What other stamp materials can I collect?
- Postal stationery products are popular among some collectors. These have the stamp designs printed or embossed
(printed with a raised design) directly on them.
- Stamped Envelopes were first issued in 1853. More than 600 million of them are now printed each year.
- Postal Cards were first issued in 1873. The first U.S. multicolored commemorative postal cards came out in 1956.
Several different postal cards are issued each year.
- Aerogrammes (air letters) are designed to be letters and envelopes all in one. They are specially stamped, marked
for folding and already gummed.
- Other philatelic collectibles include:
- Plate Blocks usually consist of four stamps from the corner of a pane, with the printing plate number in the margin
(or selvage) of the pane.
- Copyright Blocks feature the copyright symbol © followed by "United States Postal Service" or "USPS" in the margin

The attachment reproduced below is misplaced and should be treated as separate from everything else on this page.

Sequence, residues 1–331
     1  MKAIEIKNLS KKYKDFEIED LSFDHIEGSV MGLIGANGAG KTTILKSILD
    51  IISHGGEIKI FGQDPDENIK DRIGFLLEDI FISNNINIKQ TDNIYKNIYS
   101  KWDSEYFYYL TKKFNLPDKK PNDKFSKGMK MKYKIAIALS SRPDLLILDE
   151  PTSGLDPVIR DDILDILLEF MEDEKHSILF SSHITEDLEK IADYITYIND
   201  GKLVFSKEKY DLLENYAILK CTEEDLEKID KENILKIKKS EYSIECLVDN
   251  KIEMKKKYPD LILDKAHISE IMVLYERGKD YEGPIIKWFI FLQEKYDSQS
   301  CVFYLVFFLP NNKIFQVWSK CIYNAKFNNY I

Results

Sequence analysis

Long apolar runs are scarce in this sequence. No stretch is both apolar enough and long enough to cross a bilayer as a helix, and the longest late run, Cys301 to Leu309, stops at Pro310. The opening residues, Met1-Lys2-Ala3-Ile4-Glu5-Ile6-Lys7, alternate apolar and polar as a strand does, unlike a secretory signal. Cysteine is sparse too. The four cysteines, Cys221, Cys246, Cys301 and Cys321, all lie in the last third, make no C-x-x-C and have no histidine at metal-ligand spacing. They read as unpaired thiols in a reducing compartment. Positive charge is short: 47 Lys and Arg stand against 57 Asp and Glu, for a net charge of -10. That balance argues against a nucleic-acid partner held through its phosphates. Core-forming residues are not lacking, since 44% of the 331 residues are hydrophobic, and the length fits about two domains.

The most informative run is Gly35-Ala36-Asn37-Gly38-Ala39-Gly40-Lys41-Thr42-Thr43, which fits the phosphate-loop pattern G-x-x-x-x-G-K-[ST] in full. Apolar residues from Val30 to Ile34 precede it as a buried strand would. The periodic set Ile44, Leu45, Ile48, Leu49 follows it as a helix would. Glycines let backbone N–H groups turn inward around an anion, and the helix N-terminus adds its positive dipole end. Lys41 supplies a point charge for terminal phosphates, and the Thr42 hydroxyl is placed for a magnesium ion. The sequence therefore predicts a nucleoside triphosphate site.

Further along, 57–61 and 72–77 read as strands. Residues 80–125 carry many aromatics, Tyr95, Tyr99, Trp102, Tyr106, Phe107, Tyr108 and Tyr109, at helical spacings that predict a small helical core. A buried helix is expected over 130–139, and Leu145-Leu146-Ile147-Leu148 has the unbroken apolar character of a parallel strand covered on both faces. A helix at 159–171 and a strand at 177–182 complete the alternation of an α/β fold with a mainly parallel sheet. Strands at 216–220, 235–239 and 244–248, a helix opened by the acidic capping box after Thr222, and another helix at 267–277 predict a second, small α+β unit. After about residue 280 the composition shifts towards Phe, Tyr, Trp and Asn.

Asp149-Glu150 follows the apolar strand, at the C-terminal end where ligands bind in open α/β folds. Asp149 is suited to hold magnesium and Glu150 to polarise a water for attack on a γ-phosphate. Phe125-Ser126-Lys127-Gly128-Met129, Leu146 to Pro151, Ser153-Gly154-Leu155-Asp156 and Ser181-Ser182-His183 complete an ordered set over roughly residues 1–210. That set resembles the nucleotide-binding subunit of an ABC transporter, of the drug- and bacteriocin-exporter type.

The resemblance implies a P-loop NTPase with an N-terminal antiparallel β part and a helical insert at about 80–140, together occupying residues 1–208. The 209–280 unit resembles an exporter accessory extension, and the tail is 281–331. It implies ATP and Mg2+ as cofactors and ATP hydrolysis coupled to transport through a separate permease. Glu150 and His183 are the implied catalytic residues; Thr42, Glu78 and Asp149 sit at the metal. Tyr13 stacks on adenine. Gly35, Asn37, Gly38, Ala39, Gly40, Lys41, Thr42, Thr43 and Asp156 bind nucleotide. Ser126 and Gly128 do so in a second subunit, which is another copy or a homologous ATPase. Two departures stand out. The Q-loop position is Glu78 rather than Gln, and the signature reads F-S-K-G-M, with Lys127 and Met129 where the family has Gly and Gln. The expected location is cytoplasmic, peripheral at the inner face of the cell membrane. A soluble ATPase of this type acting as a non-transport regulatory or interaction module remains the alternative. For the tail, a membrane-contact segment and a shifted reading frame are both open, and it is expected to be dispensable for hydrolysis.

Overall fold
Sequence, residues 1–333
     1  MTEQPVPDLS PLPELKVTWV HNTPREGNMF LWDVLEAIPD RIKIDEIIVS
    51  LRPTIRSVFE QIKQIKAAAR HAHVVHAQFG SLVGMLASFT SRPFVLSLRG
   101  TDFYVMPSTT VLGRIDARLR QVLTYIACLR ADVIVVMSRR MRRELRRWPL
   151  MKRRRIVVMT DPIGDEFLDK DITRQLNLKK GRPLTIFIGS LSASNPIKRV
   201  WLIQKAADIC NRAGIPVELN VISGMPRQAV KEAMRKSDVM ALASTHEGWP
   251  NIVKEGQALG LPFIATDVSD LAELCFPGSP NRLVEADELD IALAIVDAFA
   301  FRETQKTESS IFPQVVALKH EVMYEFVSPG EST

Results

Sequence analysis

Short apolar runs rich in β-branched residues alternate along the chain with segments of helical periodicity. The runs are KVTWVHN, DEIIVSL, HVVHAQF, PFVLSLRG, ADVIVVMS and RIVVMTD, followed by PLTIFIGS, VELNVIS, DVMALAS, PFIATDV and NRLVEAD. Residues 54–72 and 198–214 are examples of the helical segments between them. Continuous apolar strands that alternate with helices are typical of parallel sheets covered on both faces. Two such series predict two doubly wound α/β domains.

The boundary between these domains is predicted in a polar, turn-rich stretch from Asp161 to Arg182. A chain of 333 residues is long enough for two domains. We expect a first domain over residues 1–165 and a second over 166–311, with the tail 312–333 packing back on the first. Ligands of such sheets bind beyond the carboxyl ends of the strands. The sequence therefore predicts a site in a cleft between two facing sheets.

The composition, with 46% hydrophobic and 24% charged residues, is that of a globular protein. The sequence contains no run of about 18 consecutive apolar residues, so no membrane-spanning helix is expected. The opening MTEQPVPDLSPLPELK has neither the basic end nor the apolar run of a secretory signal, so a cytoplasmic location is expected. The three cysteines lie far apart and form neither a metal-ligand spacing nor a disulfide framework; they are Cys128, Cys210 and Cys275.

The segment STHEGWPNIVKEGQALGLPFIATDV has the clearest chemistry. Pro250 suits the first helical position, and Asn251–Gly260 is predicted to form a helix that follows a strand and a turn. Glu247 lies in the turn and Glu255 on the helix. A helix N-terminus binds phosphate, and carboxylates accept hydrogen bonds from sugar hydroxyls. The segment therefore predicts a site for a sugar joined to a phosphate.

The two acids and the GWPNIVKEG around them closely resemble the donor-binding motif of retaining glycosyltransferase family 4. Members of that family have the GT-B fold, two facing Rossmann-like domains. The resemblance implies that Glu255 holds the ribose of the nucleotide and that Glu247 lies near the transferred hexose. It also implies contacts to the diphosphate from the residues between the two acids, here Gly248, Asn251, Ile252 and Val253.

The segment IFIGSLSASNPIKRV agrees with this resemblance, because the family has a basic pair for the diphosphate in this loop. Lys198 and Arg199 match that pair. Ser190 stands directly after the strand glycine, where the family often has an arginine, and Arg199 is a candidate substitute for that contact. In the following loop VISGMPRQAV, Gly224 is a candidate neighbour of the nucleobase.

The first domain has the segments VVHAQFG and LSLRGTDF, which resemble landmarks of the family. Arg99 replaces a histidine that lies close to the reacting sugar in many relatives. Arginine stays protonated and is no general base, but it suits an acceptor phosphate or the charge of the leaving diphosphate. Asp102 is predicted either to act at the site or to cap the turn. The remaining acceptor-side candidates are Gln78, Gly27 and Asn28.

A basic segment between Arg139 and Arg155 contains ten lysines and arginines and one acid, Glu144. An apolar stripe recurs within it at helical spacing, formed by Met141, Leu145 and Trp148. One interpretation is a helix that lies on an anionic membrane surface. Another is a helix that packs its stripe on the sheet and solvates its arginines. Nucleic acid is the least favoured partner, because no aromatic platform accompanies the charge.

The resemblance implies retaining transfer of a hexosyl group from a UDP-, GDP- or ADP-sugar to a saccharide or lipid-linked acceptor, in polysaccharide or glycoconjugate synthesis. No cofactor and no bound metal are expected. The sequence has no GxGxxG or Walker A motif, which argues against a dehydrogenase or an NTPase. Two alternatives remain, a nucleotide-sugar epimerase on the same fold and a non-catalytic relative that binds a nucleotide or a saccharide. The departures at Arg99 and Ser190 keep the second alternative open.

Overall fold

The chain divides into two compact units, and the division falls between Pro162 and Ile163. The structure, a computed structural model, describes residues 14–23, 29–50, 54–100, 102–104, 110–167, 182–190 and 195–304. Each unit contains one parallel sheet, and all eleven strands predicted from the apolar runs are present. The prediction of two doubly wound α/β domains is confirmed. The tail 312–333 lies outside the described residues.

of the pane. The USPS began copyrighting new stamp designs in 1978.
- Booklet Panes are panes of three or more of the same stamp issue. Panes are affixed inside a thin folder to form
a booklet. Usually, collectors of booklet panes save the entire pane.
- Souvenir Sheets are panes of stamps issued without plate number's that may have margins containing lettering or
design that commemorate a notable subject, such as Daffy Duck and Sonoran Desert.
- First Day Covers are envelopes bearing new stamps that are postmarked on the first day of sale. For each new postal
issue, the USPS selects one location, usually related to the stamp subject, as the place for the first day dedication ceremony
and the first day postmark. There is even an annual First Day Cover Collecting Week.
- First Day Ceremony Programs are given to persons who attend first day ceremonies. They contain a list of participants,
information on the stamp subject and the actual stamp attached and postmarked.
- Matted Panes are full panes of stamps that are on a colored matted sheet to match the stamps. These are
suitable for framing.